The use of maps to help explain a story has increased largely because they are no longer hand-drawn, but can be quickly accessed from databases in many different formats from street maps to geographical terrain.
It could be said that weather forecasts have benefited most from the application of the full resources that a graphics platform can offer. To present scientific data in an entertaining manner that will hold viewers' attention has always challenged the broadcaster, and innovation in weather coverage shows no indication of slowing down.
Complex graphics have become essential to sports coverage, whether it is presenting the scores and stats or, more recently, immersive graphics to enhance the viewers' understanding of the action. The provision of graphics for sports has become a business in itself. At any large event, the graphics truck can be found parked next to production and VT trucks. Sports graphics call on all the available technology to deliver the director an innovative presentation of real-time statistics, background analysis, virtual play and the lower third.
Much of the recent developments in television graphics have come from these providers, and to see what is possible today, they are the ones to watch.
Elections are a veritable feast of results, predictions and statistics. A popular style is to place anchors in a graphics-rich environment. This could be through the virtual studio or through video walls. Directors can call on the full toolset, including video walls, immersive graphics and — to support the anchor — interactivity.
As broadcasters compete in an ever more crowded multichannel, multiplatform world, branding is important to maintain the channel brand and hopefully the viewers. 2D snipes and squeezebacks are commonplace, but in the quest to differentiate a brand, broadcasters are demanding 3D data-driven branding graphics.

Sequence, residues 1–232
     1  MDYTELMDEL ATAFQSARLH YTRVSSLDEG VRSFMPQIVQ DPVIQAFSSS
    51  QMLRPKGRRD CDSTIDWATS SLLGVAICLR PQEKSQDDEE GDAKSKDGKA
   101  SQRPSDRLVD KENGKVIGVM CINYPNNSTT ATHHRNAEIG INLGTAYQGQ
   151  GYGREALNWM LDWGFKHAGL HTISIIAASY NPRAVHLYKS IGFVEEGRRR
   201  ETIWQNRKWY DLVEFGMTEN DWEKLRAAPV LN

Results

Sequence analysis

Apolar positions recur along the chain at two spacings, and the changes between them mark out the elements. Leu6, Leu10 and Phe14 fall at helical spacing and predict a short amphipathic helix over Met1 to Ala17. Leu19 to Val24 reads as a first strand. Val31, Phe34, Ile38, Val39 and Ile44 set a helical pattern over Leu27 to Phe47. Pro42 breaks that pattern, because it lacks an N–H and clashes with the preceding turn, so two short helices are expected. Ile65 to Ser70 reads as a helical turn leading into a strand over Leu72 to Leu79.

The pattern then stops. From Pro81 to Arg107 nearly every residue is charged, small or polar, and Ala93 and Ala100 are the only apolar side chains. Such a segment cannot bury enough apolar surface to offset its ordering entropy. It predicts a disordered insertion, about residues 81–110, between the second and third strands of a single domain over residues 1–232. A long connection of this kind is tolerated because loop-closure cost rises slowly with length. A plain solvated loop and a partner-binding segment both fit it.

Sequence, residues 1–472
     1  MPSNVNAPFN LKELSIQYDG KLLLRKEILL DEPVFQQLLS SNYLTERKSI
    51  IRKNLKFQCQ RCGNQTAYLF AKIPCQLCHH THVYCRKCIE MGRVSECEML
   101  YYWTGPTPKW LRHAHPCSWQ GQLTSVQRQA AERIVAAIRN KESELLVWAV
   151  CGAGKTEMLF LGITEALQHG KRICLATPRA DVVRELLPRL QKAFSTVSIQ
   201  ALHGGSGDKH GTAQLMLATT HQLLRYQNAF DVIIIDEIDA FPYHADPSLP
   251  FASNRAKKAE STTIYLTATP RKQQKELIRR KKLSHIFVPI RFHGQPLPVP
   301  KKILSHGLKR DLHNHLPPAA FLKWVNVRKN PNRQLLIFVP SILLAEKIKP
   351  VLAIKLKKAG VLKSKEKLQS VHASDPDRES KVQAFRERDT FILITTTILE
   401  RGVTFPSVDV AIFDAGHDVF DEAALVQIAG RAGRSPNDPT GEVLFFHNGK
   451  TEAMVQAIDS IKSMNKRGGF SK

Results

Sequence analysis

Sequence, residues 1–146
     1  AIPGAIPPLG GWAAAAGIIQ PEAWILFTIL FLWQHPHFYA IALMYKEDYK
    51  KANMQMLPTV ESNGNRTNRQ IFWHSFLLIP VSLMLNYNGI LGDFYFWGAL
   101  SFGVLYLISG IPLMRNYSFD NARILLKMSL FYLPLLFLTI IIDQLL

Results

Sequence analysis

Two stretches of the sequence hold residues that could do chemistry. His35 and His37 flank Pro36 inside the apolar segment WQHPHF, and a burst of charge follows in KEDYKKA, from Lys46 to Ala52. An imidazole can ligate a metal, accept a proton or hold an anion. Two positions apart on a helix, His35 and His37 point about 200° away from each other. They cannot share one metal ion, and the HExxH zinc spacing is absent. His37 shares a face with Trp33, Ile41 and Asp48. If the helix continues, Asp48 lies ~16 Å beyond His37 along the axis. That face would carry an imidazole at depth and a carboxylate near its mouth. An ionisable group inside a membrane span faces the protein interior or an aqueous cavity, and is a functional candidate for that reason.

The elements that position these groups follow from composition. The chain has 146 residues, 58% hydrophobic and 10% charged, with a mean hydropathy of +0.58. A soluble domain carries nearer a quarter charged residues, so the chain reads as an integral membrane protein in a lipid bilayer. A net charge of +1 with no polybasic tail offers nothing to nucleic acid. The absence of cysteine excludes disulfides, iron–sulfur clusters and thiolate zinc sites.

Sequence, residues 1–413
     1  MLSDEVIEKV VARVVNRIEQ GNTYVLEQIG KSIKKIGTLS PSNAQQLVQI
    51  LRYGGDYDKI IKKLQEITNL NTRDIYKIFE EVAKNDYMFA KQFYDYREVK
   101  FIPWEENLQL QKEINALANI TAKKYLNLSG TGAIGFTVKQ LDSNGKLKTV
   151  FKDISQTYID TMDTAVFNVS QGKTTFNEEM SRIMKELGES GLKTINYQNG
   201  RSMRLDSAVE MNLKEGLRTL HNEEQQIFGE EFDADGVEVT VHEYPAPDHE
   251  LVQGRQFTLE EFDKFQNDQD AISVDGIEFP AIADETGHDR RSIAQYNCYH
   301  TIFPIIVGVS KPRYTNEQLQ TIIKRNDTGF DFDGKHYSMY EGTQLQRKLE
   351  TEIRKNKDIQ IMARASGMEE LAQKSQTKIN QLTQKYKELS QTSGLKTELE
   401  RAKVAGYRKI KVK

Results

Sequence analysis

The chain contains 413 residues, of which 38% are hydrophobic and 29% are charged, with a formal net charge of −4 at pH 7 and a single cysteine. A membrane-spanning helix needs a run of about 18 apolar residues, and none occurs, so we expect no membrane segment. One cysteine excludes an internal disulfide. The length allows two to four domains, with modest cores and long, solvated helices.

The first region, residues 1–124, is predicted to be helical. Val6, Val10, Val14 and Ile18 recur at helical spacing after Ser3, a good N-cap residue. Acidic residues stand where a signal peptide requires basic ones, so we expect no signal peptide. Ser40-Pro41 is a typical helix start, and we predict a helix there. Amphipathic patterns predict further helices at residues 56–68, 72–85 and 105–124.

Again the real-time rendering capabilities of modern graphics platforms means that this can be achieved without the need to prepare, at great expense, all the graphics sequences. A simple data feed of program listings and a data link to the broadcast automation is all that is needed. The next step, real-time commercials, is just an extension of the same technology.
As broadcasters move to multiplatform delivery, the demand for graphics will only increase. Web sites, VOD and mobile TV all call for more graphics in more formats. The challenge is to create more, but without increasing costs.
As directors demand more 3D effects, and broadcasters migrate to stereoscopic coverage, the demands on the platforms will only increase. Thankfully, gamers' thirst for more immersive, exciting games is driving the graphics processing technology, and the vendors of television graphics platforms can leverage this technology.
Although artists will always be at the heart of graphics creation, broadcasters must always look for smarter ways to leverage their special skills to enhance programming and to promote their brand. The combination of real-time 3D platforms and data-driven templates has transformed what can be achieved, all without breaking broadcasters' budgets.